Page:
When it comes to building Rube Goldberg machines, there are no limits. Well, as long as you can get it to work...
When it comes to building Rube Goldberg machines, there are no limits. Well, as long as you can get it to work... calramen/flickr
Many have attempted, some have succeeded (see: the Mythbusters crew or the band Ok Go). I have no idea how many have, but I think we can agree on the fact that constructing a Rube Goldberg machine in the first place should be applauded. Each one differs in size, shape, and difficulty, reflecting the cartoonist and inventor's original concept he first drew in 1914: "the machines are a symbol of man's capacity for exerting maximum effort to achieve minimal results."
The latest one I've come across, completed b 2D Photography, a professional photography collective in Toronto, has just blown me away. I'd rather not waste any more time setting up this video. But I will say this particular Rube Goldberg machine — featuring lenses, light kits, and memory cards galore — looks pretty expensive...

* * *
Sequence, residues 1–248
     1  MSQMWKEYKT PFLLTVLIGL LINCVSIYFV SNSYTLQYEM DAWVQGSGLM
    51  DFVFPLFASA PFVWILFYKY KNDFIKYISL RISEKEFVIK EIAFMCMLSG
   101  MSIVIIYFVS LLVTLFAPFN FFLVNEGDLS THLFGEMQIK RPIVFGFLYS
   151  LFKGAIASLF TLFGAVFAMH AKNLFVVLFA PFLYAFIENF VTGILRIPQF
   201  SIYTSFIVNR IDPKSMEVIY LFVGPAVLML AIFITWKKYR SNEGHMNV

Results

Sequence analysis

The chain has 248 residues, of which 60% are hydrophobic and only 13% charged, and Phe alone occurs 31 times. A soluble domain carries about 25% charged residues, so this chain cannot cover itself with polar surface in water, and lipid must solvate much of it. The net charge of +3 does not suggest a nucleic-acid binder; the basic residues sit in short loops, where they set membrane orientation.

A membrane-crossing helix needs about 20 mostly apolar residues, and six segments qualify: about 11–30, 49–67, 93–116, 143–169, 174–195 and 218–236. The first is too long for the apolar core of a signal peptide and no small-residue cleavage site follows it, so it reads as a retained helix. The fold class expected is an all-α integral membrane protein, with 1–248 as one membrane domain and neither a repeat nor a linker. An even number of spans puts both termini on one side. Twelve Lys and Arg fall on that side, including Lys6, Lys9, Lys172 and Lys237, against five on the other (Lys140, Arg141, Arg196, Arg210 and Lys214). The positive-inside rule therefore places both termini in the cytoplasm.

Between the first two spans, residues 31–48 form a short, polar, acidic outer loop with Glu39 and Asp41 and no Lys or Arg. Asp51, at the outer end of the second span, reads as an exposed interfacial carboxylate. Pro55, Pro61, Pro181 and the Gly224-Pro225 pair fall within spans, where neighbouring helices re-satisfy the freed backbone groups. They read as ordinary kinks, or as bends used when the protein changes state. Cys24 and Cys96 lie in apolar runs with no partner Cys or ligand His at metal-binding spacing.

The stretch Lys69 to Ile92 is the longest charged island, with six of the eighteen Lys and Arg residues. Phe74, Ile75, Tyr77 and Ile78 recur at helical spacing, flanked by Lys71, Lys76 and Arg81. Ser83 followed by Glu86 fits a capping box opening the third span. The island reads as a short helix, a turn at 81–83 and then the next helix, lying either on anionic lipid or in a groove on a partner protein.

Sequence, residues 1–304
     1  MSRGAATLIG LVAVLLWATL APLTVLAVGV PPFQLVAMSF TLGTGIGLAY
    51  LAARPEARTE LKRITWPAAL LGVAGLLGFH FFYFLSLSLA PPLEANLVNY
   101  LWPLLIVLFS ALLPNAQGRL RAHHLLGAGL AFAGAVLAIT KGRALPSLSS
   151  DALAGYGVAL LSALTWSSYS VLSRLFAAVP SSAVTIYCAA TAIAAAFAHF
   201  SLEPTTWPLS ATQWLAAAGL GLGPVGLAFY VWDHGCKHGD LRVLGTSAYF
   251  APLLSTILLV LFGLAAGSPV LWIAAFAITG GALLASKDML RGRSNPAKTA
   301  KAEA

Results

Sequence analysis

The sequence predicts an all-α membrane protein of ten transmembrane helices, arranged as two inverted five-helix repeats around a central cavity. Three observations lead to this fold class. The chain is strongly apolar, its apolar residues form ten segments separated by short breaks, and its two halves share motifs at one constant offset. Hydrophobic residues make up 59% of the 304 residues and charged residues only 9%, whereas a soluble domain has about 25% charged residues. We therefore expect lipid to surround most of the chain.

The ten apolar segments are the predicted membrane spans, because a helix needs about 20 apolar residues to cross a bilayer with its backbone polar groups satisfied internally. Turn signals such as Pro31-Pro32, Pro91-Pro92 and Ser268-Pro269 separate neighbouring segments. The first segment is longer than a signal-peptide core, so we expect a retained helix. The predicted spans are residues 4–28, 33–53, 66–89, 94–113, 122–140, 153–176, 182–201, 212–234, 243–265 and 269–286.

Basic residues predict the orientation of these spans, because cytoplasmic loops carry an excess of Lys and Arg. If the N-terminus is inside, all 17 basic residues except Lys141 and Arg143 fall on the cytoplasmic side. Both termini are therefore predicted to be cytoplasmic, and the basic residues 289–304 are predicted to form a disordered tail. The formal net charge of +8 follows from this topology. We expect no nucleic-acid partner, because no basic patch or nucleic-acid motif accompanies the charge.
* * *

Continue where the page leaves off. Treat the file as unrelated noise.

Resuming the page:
My favorite part of this project is the fact that the creator explains his process. As a matter of fact, David Dvir, the lead photographer at 2D Photography, shares his secrets in this behind the scenes video:
Perhaps my fascination with Rube Goldberg machines comes from the fact that there's no limit to one's imagination. To my knowledge, I don't think there's a rule that states you need dominoes to create the initial domino line to start the whole thing. Or that the contraption pours you a glass of milk halfway through. We get to explore a person's thought process through a zany piece of art.